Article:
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by April Henry
Your Adult, 224 pages.
Putnam Juvenile (2009)
ISBN: 978-0399246456

Ellie is caught between her love for her aging activist parents and her hot new boyfriend Coyote, a member of the radical MEDs or Mother Earth Defenders. To save her parents from drug charges brought on by the FBI, she has to infiltrate the MEDs and alert the authorities if they ever target a human victim. In the ultimate high-stakes adventure, she has to figure out her ideals, define her friends and expose her enemies before they wipe her from the face of the planet they’re so feverishly protecting.

April Henry is very good at suspense. Go figure: many of her previous books have been mysteries and thrillers. Now she tries on a romance with a very interesting subject matter. The teens in this book belong to a group of Hummer dealership-torching, tree-sitting, corporation-hating idealists whose convictions and passions blur the line between justice and domestic terrorism, at least in the eyes of the FBI.

When Ellie is given her assignment — to rat on a dangerous and powerful organization or see her parents locked up for growing weed — the stakes jump sky high and don’t come back down until the explosive climax.

What really struck me about this book is how Ellie’s character changes and shifts over time. As she gets more and more caught up in Coyote and her MEDs activities, her outlook on the world evolves in a completely honest way. It is clear throughout that she is trying to establish her own ideology and, just like the other members of the group, takes it either too far or not far enough at times.

TORCHED was a very enjoyable, fast-paced read that delved deep into the kind of notorious organization that makes international headlines for more than just its Arbor Day tree planting picnics. Henry tackles a timely, newsy topic with such believable insider knowledge, I could swear she is an FBI plant herself.

Released in March, TORCHED is a look at all sides of activism, from the most hopeful and altruistic facets, to the darkest and most desperate. Pick up a copy today! Links: Amazon, Shop Indie Bookstores

For Readers: Everyone has looked at the world and wanted to change it: to do more, see more done or take drastic action. No matter the cause. The people in TORCHED act on these impulses and go overboard, putting themselves and others in extreme danger. But Henry doesn’t make any judgments, she lets the characters grapple with their personal philosophies for better or worse. For any teens passionate about social issues or politically aware, this is a really interesting and in-depth take on one girl’s experience with environmental extremism. This book isn’t just for hippies or Greenpeace supporters, however. It’s a book for anyone who has known moments of frustration and powerlessness against huge obstacles, and for anyone who has had to make the difficult decision to do what is right, whatever that murky word might mean to them.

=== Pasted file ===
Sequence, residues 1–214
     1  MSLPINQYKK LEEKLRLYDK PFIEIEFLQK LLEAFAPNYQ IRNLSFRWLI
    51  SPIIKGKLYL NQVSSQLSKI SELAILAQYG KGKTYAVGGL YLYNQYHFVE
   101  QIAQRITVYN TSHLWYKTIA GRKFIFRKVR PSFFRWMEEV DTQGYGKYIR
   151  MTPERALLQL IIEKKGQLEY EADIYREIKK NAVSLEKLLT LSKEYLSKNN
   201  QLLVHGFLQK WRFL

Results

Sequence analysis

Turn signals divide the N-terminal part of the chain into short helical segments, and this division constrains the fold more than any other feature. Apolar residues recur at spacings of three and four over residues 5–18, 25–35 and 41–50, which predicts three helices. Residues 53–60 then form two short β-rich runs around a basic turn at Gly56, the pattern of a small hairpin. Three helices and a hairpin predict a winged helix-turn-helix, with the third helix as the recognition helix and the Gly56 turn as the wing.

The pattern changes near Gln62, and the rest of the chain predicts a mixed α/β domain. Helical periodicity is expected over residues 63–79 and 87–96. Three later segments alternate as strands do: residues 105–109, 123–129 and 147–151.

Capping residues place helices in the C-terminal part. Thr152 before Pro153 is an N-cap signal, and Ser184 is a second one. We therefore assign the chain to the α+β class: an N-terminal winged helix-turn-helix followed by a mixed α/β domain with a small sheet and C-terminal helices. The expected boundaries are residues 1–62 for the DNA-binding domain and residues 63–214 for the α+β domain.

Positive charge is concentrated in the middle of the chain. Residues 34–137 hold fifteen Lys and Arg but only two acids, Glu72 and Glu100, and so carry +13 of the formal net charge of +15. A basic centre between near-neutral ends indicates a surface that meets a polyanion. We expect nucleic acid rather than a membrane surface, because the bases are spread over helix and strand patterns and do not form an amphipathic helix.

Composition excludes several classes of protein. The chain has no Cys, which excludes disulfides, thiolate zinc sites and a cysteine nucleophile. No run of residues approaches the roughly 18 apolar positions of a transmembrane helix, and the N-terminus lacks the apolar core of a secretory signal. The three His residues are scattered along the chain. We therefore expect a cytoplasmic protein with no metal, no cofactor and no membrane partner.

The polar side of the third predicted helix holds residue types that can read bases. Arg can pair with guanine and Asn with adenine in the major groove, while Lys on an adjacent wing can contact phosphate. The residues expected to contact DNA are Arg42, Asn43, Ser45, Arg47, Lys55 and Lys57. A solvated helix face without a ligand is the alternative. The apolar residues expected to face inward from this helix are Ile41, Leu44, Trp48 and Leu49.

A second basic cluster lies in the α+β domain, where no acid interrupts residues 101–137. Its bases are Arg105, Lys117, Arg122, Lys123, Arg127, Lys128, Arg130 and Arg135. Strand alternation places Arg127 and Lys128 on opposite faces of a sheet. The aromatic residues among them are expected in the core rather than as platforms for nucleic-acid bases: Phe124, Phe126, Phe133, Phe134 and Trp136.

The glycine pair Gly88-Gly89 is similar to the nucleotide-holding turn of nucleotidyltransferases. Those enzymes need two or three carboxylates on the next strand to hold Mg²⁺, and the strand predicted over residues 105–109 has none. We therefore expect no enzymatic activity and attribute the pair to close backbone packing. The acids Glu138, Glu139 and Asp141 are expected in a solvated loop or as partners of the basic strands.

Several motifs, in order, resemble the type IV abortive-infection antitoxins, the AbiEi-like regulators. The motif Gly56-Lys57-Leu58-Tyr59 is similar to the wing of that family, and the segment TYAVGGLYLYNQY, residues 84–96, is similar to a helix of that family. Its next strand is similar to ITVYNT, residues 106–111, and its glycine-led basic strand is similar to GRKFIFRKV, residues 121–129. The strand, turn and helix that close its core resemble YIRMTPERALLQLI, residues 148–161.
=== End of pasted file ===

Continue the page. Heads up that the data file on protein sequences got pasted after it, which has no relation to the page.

For Writers: Short of climbing a rope and living in a tree for a few nights, I have no idea how Henry got such intimate knowledge about what life up there would’ve been like for Ellie and Coyote. There are many sharply observed and realistic moments in this book and I’m impressed by this author’s research. She also — and this is key — writes about social issues without getting preachy or mounting a soapbox. Many books with a political or social justice theme tend to represent things as black or white. There are characters like this here, but Coyote, Ellie and her parents are testament to the fact that life is always shades of gray. Kudos to Henry for writing a well-researched, thoughtful book that opens up a person’s opinion and understanding of activism. So many other others would tackle this charged subject and accomplish the opposite effect.

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by Suzanne LaFleur
Middle Grade, 272 pages.
Wendy Lamb Books (2009)
ISBN: 978-0385737746

At the beginning of LOVE, AUBREY, we don’t know what kind of tragedy has rocked Aubrey’s world, we just know she’s utterly alone. As we watch her buy herself a beta fish and putter around her empty house, it emerges that her father and sister died in a car accident and her mother fled from the grief of losing them and the guilt of being behind the wheel. Grandma comes to pick up the pieces and moves Aubrey to Vermont. The two women, young and old, united by tragedy, try to put the pieces of their lives back together while searching for Aubrey’s mother.

Once they find her, it becomes clear that her pain is too raw and she simply isn’t ready to be a mother yet. Aubrey must begin the slow and complicated process of making friends, grappling with her memories and reimagining what home and family mean in this new life of hers.

If only most adults had the strength and grace of this eleven year-old character. Aubrey is so hurt — on many more levels than she’ll ever admit, even to the reader, who knows most of her secret heart — but her wisdom shines brilliantly from these pages. Through writing letters, first to her beta fish, then to her dead sister’s imaginary friend, then to her dad and finally to her mother, she expresses just how strong she’s become, how strong, in fact, she’s always been. These letters cap off chapters in the perfect balance of narrative and the character’s own self-expression.